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civics

[siv-iks] /ˈsɪv ɪks/
noun, (used with a singular verb)
1.
the study or science of the privileges and obligations of citizens.
Origin
1880-1885
1880-85, Americanism; see civic, -ics
Dictionary.com Unabridged
Based on the Random House Dictionary, © Random House, Inc. 2014.
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Examples from the web for civics
  • Mom and dad couldn't get enough of it, and hoped the kids were learning something about civics, too.
  • For me, this civics lesson at the mailbox joined together privacy and civil liberties.
  • As a result, this creates an interesting civics problem.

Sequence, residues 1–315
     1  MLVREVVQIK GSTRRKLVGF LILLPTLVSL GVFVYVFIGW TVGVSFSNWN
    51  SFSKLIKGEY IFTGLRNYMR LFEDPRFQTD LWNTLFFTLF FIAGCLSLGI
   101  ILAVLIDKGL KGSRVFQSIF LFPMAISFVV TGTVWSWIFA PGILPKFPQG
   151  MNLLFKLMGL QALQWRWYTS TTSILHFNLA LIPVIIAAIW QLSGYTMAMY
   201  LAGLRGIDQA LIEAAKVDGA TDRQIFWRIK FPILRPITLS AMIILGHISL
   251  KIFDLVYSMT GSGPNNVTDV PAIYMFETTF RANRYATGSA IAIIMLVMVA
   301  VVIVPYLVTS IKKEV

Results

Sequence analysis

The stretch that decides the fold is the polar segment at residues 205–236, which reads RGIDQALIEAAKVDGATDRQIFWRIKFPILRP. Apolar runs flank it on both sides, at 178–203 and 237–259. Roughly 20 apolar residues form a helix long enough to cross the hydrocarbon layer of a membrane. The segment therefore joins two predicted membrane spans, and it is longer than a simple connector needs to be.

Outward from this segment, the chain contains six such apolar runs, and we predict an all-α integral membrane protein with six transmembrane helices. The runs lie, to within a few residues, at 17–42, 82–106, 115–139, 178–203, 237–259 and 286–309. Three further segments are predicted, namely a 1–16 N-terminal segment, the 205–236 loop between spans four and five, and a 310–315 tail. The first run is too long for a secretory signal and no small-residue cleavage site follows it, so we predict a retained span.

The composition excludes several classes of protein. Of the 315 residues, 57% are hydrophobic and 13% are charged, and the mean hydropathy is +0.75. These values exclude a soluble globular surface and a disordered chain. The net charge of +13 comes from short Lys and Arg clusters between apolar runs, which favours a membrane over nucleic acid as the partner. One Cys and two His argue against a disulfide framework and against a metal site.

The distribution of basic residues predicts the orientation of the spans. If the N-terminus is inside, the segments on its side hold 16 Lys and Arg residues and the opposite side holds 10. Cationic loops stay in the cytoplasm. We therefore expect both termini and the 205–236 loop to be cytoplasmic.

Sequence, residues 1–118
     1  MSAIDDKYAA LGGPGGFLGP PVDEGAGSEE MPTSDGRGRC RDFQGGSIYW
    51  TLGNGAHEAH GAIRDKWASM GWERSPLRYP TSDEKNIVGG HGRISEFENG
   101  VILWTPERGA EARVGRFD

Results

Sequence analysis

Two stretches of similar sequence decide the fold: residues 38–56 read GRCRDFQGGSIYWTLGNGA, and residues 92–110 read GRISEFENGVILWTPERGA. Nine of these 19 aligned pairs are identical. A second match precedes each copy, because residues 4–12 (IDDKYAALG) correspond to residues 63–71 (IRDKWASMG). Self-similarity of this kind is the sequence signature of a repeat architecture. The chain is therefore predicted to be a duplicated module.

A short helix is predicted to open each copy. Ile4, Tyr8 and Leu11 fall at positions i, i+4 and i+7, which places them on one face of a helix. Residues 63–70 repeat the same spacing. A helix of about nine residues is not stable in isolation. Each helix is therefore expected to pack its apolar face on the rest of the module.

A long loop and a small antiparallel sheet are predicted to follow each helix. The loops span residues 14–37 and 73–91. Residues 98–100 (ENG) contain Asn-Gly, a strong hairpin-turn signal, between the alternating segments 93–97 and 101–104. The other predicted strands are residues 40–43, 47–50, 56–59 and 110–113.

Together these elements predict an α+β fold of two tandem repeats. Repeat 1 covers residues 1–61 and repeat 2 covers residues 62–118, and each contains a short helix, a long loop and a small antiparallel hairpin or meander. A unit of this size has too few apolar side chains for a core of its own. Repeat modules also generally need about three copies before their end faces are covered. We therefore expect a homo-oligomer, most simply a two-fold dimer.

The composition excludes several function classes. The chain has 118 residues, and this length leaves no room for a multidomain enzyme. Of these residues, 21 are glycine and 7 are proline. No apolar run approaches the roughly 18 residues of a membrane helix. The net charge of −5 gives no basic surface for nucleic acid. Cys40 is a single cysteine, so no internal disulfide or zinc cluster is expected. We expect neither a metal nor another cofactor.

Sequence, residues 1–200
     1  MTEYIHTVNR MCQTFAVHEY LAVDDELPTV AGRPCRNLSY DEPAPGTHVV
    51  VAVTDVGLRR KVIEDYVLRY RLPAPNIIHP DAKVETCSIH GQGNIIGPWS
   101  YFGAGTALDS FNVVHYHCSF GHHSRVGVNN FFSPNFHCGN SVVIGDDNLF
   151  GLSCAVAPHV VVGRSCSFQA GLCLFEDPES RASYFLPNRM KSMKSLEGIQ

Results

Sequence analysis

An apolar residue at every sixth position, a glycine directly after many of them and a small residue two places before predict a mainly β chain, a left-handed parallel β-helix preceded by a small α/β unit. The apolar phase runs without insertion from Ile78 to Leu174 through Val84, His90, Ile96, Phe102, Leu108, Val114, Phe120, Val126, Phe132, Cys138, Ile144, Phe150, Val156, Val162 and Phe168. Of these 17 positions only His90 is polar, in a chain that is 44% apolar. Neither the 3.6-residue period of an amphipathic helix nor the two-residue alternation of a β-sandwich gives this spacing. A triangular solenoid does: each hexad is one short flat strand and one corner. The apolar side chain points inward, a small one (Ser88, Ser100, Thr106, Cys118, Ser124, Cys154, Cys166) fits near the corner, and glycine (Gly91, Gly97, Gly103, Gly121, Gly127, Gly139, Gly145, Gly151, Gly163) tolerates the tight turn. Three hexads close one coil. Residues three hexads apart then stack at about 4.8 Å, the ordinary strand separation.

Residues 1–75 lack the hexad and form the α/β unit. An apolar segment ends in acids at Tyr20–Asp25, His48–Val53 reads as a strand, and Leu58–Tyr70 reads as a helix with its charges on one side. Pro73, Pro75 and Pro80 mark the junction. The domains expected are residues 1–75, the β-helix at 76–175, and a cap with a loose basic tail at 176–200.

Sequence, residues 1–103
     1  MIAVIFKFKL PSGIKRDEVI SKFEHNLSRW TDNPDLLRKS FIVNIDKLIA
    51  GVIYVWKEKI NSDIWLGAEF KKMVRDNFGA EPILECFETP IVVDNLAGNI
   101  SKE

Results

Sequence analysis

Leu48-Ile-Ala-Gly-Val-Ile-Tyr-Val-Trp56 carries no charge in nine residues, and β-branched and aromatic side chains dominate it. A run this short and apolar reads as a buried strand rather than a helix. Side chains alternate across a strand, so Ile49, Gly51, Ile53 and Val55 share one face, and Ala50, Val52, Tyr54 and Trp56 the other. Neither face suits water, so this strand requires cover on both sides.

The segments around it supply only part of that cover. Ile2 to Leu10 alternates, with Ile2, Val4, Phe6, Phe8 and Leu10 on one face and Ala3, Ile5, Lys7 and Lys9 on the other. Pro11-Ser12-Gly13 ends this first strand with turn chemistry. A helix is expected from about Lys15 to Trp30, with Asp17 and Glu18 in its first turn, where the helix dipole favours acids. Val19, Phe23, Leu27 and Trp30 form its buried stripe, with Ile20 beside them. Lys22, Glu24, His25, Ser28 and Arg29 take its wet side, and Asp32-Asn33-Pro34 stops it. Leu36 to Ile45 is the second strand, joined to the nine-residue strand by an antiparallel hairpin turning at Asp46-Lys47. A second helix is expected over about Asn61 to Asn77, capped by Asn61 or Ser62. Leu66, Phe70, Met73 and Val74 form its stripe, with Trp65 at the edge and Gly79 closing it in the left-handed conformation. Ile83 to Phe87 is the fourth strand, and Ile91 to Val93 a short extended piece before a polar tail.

• Video games dealing with serious subjects, from civics to surgery, are getting increasingly more serious attention.
  • If colleges would make civics courses an entrance requirement, that might change.
  • Again, thanks for your interest in civics and for visiting this site.
British Dictionary definitions for civics

civics

/ˈsɪvɪks/
noun (functioning as sing)
1.
the study of the rights and responsibilities of citizenship
2.
(US & Canadian) the study of government and its workings
Collins English Dictionary - Complete & Unabridged 2012 Digital Edition
© William Collins Sons & Co. Ltd. 1979, 1986 © HarperCollins
Publishers 1998, 2000, 2003, 2005, 2006, 2007, 2009, 2012
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Word Origin and History for civics
n.

"study of the rights and responsibilities of a citizen," 1886, originally American English, from civic, by analogy with politics (see -ics).

Online Etymology Dictionary, © 2010 Douglas Harper
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13
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